Good Luck Plant

Tips on the Good Luck Plant

There are plants from countries all around the world that have been designated a good luck plant, but when the majority of the people in the US think of good luck they think of the four leaf clover.  Traditionally, such plants are said to bring good luck to those who find them, particularly if they are found totally by accidental.



Many equate the four leaf clover with shamrocks, the symbol for the Irish.  Some swear the four leaf clover is a mutant of the shamrock which happens on perhaps one in every 10,000 plants (which is why it is good luck), while others claim they are actually from a plant called Pepperwort (Water Clover) or Oxalis-both plants producing four leaves and not just an uncommon variation of the three leaved version.

Clovers have held a position in the cultural lives of many people through out history. White clover was held in high regard in Wales by the Celts as a charm against evil spirits and the Druids which believed to be a sign of great luck.

Sir John Melton wrote in the 17th century: “If a man walking in a field find any four-leaved grass, he shall shortly find some thing good,” which is where the ‘good luck’ is believed to have come from.  The mystique of this unique clover has continues till today, since finding an authentic four leaf clover is still rare and believed an omen of good luck.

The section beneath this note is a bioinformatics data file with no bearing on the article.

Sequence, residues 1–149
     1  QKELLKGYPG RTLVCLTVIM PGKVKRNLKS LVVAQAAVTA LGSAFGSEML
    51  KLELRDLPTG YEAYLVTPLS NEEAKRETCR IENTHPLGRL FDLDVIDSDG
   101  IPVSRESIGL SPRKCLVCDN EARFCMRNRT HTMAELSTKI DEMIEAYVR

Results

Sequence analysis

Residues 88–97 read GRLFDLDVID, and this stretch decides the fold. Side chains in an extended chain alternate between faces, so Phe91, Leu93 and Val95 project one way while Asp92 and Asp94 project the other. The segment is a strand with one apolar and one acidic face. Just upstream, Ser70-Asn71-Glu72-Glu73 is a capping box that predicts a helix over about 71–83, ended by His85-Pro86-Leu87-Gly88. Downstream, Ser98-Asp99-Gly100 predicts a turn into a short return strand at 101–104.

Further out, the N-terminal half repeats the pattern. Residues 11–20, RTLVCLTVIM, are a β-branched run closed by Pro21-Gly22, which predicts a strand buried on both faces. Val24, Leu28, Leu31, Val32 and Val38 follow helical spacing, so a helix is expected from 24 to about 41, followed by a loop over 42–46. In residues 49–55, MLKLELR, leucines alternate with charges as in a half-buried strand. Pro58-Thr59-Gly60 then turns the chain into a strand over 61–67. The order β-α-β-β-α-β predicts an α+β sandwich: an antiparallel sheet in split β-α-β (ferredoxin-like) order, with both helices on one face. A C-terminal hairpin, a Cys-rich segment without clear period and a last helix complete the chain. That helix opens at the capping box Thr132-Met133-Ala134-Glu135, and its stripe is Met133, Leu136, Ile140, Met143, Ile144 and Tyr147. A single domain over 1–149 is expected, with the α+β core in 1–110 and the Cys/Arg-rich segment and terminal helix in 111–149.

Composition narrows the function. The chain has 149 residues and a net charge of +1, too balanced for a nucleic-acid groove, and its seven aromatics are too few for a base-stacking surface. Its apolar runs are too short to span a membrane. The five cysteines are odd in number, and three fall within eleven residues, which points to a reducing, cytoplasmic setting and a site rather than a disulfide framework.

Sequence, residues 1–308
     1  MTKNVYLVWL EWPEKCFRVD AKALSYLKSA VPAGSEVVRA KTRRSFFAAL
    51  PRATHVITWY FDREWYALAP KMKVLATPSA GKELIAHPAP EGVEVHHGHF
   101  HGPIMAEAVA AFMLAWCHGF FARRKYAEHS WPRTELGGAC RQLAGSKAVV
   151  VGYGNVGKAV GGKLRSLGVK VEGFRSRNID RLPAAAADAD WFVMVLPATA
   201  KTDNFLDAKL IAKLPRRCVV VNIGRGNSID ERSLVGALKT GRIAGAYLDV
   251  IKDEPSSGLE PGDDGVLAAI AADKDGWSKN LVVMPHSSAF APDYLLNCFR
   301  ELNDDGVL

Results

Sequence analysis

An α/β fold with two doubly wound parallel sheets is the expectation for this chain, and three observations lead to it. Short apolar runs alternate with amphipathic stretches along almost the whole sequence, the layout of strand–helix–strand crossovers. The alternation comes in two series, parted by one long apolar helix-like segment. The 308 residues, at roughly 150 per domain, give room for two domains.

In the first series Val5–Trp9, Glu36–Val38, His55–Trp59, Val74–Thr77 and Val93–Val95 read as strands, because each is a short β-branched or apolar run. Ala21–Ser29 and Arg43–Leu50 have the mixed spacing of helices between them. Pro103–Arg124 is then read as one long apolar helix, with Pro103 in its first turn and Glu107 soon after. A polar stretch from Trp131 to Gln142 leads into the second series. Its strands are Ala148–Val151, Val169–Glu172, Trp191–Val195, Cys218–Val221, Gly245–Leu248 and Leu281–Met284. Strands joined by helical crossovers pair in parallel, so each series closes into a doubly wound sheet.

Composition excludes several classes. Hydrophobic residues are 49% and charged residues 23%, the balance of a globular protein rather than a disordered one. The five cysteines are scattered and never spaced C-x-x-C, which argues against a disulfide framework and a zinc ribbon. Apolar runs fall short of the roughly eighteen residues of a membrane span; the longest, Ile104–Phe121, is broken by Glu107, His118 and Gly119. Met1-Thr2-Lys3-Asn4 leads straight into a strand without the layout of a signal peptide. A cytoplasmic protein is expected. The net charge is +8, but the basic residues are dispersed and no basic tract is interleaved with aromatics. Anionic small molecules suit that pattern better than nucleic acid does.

In Hawaii Ti plant (pronounced tea) is linked to several legends, and good luck. One is that you will have good luck if you plant a ring of the ti (or good luck plant) around the perimeter of your house which is alleged to prevent Pele and her lava flow from coming onto your property. The plant comes up from the log in several color combinations, but it is the plain green with the broader leaves that is associated with good luck, and the one used for the lei which is the symbol of greetings and good luck. 

The Snake Plant (or Mother-in-law plant) is also known as the good luck plant.  This evergreen perennial is beautiful and often used as an air filtering plant as it can absorb certain airborne poisons, as well as acting as a natural humidifier. Perhaps this is where the luck comes in.

It was thought that in the ancient Chinese, as well as the Asian culture by giving a gift of living bamboo you would ensure good fortune to the recipient. Today it is still known as Lucky Bamboo. Actually, four bamboo stems secured with red thread is given, not only as a symbol of luck but double happiness. They are believed to bring balance, and help keep a more perfect Feng Shui in the home or work place.

Braided Monkey plants are known as Good luck plants in Taiwan where a poor farmer once found the strange new plant in his field one day.  After taking it home, caring for it and studying how marvelously it grew and could be separated without hurting the plant he began to prosper from the sale of it from that time on.

In France, it is the Lily of the Valley that is regarded as the good luck plant.  Cultivated for well over 500 hundred years it was once widely used to bring good luck by using it for brides in their bouquet.  The tradition in spring-May the first, actually, is to exchange a small sprig of this flower (Muguet-du-Bois) with friends or loved one for good luck all the way around.  Believed to have been started by Charles IX in the 16th century after he, himself, was presented with a small bouquet as a token of good luck, tradition has it the king was so delighted he had several made up-one for each of the Ladies of his Court.